I always love driving up Olive Boulevard from downtown St. Louis over its wide tarmac, ribboning up and down undulating hills, and watching the spire of St. Francis Xavier College Church peak over the horizon with a huge sky above it and then seeing it slowly begin to fill the scene. And, if I have my camera along, I am more than likely to take a picture at the corner of Grand and Lindell–a no-look shot with the camera angled up and stabilized against the open window. Here is one and an earlier one from a different angle and in snow.
Here is the keeper image from today.
I was rather lucky to capture the lens flare when I realized the settings I had on the camera were all wrong for the light and quickly switched the camera to Program and let it pick the settings–there is only so much time at a light, you know The shot below is a one I salvaged from all of the highly overexposed images which preceded the keeper and to which I applied the Cyanotype preset in Lightroom 3.
As I noted in the post yesterday, this tree is likely to have many pictures taken of it. This is true not only because of its lovely blossoms but also because of its shape. I think you will agree that it is pretty amazing.
Having been pretentious enough to name my house, I am not going to name every blessed thing in and around it, but I do think this tree deserves one. I am thinking Queen followed by something, because she looks rather queenly to me. I will let you know if I come up with anything.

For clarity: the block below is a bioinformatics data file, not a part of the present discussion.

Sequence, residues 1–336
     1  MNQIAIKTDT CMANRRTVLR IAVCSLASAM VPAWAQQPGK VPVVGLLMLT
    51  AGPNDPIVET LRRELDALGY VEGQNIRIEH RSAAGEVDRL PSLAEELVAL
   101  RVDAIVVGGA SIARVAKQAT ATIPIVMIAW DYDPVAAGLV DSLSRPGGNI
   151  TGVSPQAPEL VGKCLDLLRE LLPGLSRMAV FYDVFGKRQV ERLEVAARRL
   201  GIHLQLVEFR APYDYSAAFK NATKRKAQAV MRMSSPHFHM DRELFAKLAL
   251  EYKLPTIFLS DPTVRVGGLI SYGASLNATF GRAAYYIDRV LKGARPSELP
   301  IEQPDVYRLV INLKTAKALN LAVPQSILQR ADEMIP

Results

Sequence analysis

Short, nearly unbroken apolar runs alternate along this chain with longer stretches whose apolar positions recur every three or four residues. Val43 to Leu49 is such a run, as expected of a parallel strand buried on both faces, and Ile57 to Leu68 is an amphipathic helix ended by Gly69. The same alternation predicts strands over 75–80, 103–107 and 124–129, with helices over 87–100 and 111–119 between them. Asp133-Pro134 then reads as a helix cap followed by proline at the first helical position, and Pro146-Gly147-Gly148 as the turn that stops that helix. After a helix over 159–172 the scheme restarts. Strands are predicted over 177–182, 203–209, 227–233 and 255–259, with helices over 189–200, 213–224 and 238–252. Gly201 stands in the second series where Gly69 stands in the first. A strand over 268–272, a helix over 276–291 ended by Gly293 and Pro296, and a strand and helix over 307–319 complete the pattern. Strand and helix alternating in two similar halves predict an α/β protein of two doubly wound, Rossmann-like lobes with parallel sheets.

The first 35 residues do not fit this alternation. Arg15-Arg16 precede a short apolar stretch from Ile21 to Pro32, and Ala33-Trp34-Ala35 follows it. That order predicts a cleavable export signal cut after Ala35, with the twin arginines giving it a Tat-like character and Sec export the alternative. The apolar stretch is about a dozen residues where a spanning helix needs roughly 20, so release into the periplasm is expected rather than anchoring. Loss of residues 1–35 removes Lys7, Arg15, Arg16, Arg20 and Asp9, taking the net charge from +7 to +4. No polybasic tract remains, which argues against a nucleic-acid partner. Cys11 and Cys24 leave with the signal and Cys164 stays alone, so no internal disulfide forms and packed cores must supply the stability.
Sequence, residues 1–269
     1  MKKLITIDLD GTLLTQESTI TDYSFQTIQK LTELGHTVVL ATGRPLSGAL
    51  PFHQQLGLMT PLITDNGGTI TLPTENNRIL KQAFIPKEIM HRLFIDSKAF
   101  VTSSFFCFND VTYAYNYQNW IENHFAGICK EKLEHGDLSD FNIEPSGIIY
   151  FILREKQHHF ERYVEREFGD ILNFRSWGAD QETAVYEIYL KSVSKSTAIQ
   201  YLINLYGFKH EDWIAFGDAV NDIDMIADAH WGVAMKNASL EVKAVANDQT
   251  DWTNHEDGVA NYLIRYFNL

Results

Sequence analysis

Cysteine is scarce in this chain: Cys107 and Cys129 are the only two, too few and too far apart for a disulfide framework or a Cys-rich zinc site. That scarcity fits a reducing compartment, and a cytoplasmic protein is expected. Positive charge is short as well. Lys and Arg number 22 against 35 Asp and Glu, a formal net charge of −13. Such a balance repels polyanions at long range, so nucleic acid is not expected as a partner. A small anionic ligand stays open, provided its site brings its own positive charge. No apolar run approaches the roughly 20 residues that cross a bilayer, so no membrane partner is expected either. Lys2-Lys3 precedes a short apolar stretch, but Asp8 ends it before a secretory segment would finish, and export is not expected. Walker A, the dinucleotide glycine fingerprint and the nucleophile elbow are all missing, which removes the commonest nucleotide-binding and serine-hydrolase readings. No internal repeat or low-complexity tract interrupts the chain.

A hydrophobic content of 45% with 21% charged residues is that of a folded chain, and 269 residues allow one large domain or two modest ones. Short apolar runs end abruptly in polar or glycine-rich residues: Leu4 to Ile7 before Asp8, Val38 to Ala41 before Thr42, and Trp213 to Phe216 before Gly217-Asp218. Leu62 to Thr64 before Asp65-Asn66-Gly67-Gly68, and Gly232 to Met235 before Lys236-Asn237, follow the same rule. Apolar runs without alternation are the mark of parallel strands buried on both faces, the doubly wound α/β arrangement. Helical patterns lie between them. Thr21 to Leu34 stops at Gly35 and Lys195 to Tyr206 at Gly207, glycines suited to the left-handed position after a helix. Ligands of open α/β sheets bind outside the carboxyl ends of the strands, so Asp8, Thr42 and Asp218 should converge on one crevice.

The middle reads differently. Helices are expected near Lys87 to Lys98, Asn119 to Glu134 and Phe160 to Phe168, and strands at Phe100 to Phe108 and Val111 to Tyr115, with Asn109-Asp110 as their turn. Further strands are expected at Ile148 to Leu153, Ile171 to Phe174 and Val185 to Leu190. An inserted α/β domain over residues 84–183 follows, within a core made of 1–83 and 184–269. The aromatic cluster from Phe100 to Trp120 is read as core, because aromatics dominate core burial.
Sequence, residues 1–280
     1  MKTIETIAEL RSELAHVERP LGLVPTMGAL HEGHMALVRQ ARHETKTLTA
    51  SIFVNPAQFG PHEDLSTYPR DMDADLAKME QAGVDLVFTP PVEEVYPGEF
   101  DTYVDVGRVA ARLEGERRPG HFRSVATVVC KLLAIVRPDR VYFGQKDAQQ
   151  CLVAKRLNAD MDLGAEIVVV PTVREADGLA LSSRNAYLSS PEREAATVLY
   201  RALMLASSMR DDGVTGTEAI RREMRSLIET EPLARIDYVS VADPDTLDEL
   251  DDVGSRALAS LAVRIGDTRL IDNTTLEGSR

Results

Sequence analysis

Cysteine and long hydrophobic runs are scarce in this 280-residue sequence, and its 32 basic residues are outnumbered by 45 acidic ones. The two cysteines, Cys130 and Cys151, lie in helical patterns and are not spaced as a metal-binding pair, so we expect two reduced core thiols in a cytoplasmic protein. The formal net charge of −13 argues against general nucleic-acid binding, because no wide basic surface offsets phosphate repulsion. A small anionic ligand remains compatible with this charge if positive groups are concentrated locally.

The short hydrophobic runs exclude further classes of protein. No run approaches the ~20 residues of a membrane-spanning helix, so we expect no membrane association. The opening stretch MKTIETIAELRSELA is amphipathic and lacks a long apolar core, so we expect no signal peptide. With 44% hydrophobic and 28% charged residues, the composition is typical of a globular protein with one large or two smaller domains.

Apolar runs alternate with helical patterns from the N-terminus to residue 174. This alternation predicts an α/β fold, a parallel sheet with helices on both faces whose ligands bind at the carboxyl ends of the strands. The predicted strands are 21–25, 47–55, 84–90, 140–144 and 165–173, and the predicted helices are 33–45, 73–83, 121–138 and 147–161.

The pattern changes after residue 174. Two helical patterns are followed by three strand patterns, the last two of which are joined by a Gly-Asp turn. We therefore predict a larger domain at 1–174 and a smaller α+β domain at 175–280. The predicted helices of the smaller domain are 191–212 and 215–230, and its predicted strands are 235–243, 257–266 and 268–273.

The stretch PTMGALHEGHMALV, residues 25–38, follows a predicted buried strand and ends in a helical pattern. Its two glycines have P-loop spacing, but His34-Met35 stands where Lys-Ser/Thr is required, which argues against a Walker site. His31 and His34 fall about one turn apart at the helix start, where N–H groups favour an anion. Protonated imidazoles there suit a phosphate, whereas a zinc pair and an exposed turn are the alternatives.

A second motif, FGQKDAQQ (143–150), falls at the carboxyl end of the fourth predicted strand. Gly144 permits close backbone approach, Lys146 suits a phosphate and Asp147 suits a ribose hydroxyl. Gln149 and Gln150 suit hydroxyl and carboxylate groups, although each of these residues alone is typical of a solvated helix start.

The Direct Positive preset is an interesting one. It brings up the black values and dramatically increases the saturation levels of blue, aqua, purple and a little in green and yellow. I almost always tone the effect way down, but it can make for some intense, striking images.
We live in amazing times. The difference between the pictures below is the result of applying only one effect which I downloaded from the Internet which was created for my Lightroom photoediting program. In fact, I too could come up with a series of adjustments and then export them as a “preset” and put it on the Internet and share it with other folks.
The effect that Matt has created here, very successfully I should add, is a special one, though. Matt has intimitated some of the effects one may get from using a Lomo camera. These cheap cameras, made in the former Soviet Union, were somewhat unreliable, but also could produce images with high contrast, intense color saturation, cool vignetting and accidental blurring from time to time. My friend, Jeremy Huggins, created some beautiful images with his Lomo. The only one I can find online currently, though, is his entry into my last photo contest (#7 here).
I am not sure how much I will use this effect, and I will likely tinker with it when I do, but I find lomo-style images very appealing.
From time to time I like to play around with images that might serve as band pictures or album art, particularly when my friends are cooperative, which they, very kindly, often are. This shot was taken on a trip to Chicago this past weekend when we were sitting by Lake Michigan. I began manipulating this image by using the “Direct Positive” preset in Adobe Lightroom, which creates vivid colors and high contrast, and then went from there.
I think that the style of this picture could work for either a Sigur Ros or Innocence Mission album. However, if you want to play along at home, feel free to come up with an album and/or fictional band name to accompany the image and include it in a comment.